Information Security … A Guide For Business #8 Implement Reasonable Security Measures
Ten practical lessons businesses can learn from the FTC’s (business.ftc.gov) 50+ data security settlements. This is part #8.
#8 Make Sure Your Service Providers Implement Reasonable Security Measures
When it comes to security, keep a watchful eye on your service providers – for example, companies you hire to process personal information collected from customers or to develop apps. Before hiring someone, be candid about your security expectations. Take reasonable steps to select providers able to implement appropriate security measures and monitor that they’re meeting your requirements. FTC cases offer advice on what to consider when hiring and overseeing service providers.
Put it in writing.
Insist that appropriate security standards are part of your contracts. In GMR Transcription, for example, the FTC alleged that the company hired service providers to transcribe sensitive audio files, but failed to require the service provider to take reasonable security measures. As a result, the files – many containing highly confidential health-related information – were widely exposed on the internet. For starters, the business could have included contract provisions that required service providers to adopt reasonable security precautions – for example, encryption.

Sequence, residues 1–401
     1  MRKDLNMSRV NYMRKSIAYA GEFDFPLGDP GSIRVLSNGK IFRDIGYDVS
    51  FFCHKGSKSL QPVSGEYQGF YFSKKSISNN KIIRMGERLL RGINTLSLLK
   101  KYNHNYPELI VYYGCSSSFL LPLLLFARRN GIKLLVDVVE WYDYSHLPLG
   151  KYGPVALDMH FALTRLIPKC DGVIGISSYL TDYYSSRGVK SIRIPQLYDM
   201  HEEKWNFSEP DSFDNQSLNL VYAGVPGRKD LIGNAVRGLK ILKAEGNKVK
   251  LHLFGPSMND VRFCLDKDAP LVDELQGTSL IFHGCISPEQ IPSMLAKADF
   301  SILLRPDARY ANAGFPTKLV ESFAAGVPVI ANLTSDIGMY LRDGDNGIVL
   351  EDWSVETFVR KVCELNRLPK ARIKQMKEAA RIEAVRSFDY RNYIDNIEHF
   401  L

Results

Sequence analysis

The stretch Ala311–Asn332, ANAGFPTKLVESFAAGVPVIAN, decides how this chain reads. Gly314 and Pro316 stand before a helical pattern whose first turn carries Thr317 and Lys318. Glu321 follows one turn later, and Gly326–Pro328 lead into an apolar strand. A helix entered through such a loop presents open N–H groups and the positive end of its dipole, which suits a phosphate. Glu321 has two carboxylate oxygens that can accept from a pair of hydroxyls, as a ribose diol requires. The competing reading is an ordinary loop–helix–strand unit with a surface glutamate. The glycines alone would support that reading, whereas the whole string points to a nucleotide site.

Security can’t be a “take our word for it” thing. Including security expectations in contracts with service providers is an important first step, but it’s also important to build oversight into the process. The Upromise case illustrates that point. There, the company hired a service provider to develop a browser toolbar. Upromise claimed that the toolbar, which collected consumers’ browsing information to provide personalized offers, would use a filter to “remove any personally identifiable information” before transmission. But, according to the FTC, Upromise failed to verify that the service provider had implemented the information collection program in a manner consistent with Upromise’s privacy and security policies and the terms in the contract designed to protect consumer information. As a result, the toolbar collected sensitive personal information – including financial account numbers and security codes from secure web pages – and transmitted it in clear text. How could the company have reduced that risk? By asking questions and following up with the service provider during the development process.